“One of the most vital ways we sustain ourselves is by building communities of resistance, places where we know we are not alone”― bell hooks

At the end of last year’s Students Taking on Oil & Petrochemicals (STOP) fellowship, our team went through a strategic planning process that addressed our concerns about our program’s lack of diversity and the voices of those most affected by the extraction happening in this region. Led by the incredible consultant Felica Teter, our team sat down and searched into Appalachia’s history of oppression that has polluted our culture. There’s a strong history of pitting poor white folks against Black folks in our region as a way for the rich and powerful to stay at the top. We need to continue to work to repair this history, but it will take lots of time and organizing.

Each year of the program, we also request feedback from the fellows themselves, and despite our emphasis on rest last year, feedback told us that students have still felt burnt out and tired. Both of these lines of thought informed a shift this year, focusing very closely on developing each student as a whole person who has obligations beyond their fellowship with PLAN. This important shift has left our fellowship with less “objective” results, because we believe in the long-term investment and commitment to these students―which is what our movement needs now.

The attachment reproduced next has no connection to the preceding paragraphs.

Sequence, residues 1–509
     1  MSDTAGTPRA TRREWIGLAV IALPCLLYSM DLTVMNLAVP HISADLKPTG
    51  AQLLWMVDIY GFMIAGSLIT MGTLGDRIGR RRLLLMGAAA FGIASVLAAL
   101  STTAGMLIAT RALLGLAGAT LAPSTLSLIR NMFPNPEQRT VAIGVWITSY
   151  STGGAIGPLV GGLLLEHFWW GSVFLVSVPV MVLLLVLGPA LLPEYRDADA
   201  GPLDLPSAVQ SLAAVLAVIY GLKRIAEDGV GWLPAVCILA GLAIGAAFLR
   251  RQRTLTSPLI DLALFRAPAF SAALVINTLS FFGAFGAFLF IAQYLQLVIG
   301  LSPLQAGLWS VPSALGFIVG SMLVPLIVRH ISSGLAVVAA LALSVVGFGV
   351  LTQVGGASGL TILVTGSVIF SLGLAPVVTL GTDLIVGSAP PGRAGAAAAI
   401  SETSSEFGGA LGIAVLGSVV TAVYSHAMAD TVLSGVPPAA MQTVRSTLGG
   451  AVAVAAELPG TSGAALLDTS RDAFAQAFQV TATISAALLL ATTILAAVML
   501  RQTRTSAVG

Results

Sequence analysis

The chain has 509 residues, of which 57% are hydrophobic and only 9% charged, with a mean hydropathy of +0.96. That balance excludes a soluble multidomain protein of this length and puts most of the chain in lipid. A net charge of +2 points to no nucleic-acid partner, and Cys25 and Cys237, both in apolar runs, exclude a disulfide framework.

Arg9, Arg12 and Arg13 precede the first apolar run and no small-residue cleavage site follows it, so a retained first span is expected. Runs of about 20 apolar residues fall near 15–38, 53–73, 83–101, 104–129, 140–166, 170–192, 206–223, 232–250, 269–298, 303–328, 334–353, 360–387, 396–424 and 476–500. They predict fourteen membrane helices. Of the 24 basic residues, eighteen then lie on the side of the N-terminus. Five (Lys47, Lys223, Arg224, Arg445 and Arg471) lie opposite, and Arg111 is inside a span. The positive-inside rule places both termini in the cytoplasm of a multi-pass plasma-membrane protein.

Organizing in places that are also directly impacted by waste infrastructure is challenging. We knew this going into the program, which was a big reason we even started it. As a student organizer, I saw how our location in Southwestern Pennsylvania impeded our ability to make sustainable switches on our campus. The ultimate goal of this program is to support students that want to make these shifts anyway. This takes persistence and resilience, something that I know is in the blood of the community in Appalachia. But the results of this persistence doesn’t always look like over 1,000 signatures on a petition or a campus-wide shift from styrofoam to reusables (although we’ve done those things over the three years of this program). Resilience can look as simple as getting out of bed on a morning that is hard. Persistence can be continuing to host club meetings even when student engagement in your club is at its lowest ever.

This past November, Shell officially brought its cracker plant in Beaver County online. You can read about the community’s response here. This was 10 years in the making, with ongoing protests from community members far and wide. This announcement was hard for lots of my comrades and for me. It doesn’t mark a loss by any means, but it does mean that the air quality, which is already bad from the glass factory, steel plant, and numerous other industries, will get worse.

The opening of the Shell plant has reignited our commitment to holding the fellowship in this region and only will bring our community closer together to fight the ongoing build-out of the petrochemical industry. We will continue to build communities of resistance to this toxic industry and know that ultimately in doing this, we have already won.